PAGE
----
Eric Fanning went out for a walk one day in Trenton, New Jersey, heading nowhere in particular at the time. Eight years later, he finally found his destination.
“It’s definitely been an interesting journey, I wasn’t expecting to be here when I set out on it,” says Boston University’s 6-foot-5-inch small forward.
What was supposed to be a quick jaunt around his new neighborhood turned into an eight-year basketball odyssey, one that included stints as a top high school prospect in New Jersey, Player of the Year honors at a private school in Pennsylvania, and riding the pine at Wagner University, before finally finding a home at Boston University.
It all began on a couch in a darkened room in Trenton, New Jersey, a struggling city with skyrocketing homicide rates.
“I usually just stayed home and played video games and stuff,” says Fanning, remembering back eight years ago to when his family moved to Trenton when he was 15.
It’s never easy to uproot your entire life and move to a completely new community, but as a high school underclassman, it was particularly difficult for Fanning, and for several weeks after relocating, Fanning barely left the house.
But cabin fever eventually set in and, one day, Fanning went out for a walk, with no particular destination in mind, and eventually found himself inside the local rec. center.
“I walked in and some guy came up to me, I was about 5’10”-5’11” maybe, and he said you’re pretty tall do you want to play,” says Fanning, who had never played a second of basketball before in his life. “Ever since then, I played on his team, I scored for him my first ever game and ever since then I wanted to play. I never stopped since that day.”
Fans on Comm. Ave and opponents around the Patriot League are used to seeing Fanning, who ranks second on the Terriers in scoring at 12.3 points per game, drive to the rim off the dribble, finish off a fast break with a high-flying dunk, or knock down an open 3-pointer. But for his early career, Fanning was strictly a back to the basket low-post big.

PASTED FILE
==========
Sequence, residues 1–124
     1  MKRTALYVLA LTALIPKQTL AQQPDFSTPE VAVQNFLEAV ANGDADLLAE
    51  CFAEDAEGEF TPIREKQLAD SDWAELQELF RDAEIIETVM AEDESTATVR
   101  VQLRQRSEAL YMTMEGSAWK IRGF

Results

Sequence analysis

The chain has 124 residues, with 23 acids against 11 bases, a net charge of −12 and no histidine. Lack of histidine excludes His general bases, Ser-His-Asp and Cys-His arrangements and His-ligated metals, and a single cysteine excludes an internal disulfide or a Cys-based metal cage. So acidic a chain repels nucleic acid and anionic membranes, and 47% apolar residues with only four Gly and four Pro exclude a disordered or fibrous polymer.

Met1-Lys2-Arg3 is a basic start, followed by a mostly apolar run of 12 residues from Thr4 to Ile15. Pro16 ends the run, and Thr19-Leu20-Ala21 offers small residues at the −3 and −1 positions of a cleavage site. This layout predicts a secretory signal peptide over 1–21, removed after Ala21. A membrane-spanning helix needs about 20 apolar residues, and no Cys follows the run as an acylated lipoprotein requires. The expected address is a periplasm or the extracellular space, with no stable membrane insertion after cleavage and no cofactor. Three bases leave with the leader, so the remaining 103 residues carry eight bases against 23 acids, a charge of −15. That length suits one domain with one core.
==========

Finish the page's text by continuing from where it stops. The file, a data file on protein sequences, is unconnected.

“Our high school was kind of small and I was playing the big man for my first two years, in public school,” says Fanning. “Then my AAU coach told me you’re not really growing anymore so you need to develop your game as a guard or a wing.”
“He’s still pretty new to the game of basketball, and he’s still learning some of the finer aspects of the game and of playing on the wing,” says Boston University head coach Joe Jones. “But I actually think the fact that he’s so new to the sport and spent some time in the post works to his advantage, because he doesn’t have some of those ingrained bad-habits, and he’s a tough, tough kid.”
While many of Fanning’s high school peers were fine tuning their games by working one-on-one with private coaches and playing for multiple AAU programs, Fanning took an old-school approach: Finding open runs all around Trenton every week.
“I just played in games, leagues around my city,” he says. “Maybe two/three games a week,” he says.
While Fanning didn’t grow up immersed in basketball culture or hoops lore, he quickly found motivation to excel in the game: The potential of a college scholarship and respect among his peers.
“I was playing with a lot of good players who ended up playing Division I basketball,” he says. “I wanted to get respect they had around the city: everyone loved them, everyone wanted them on their team.
“I saw that and I kind of pushed myself to be like the other guys who were good around the city.”
After two years of public high school, Fanning transferred to Perkiomen, a private school in Pennsburg, Pennsylvania, and finally began the transitions from the front court to the back court.
“My junior year of high school, my handle was getting a little better, I was shooting the ball well, and once I started hitting a few shots I became confident,” he says.
At Perkiomen, Fanning blossomed into a prolific scorer, and as a senior led his team to the Tri-County title while winning Pottsmerc Player of the Year honors. During the year, Fanning committed to play his college ball for then Wagner head coach Danny Hurley, but before Fanning even enrolled Hurley took a gig at URI. Fanning could have opened back up is recruiting, but decided instead to honor his commitment to the school and play for new Wagner head coach Bashir Mason.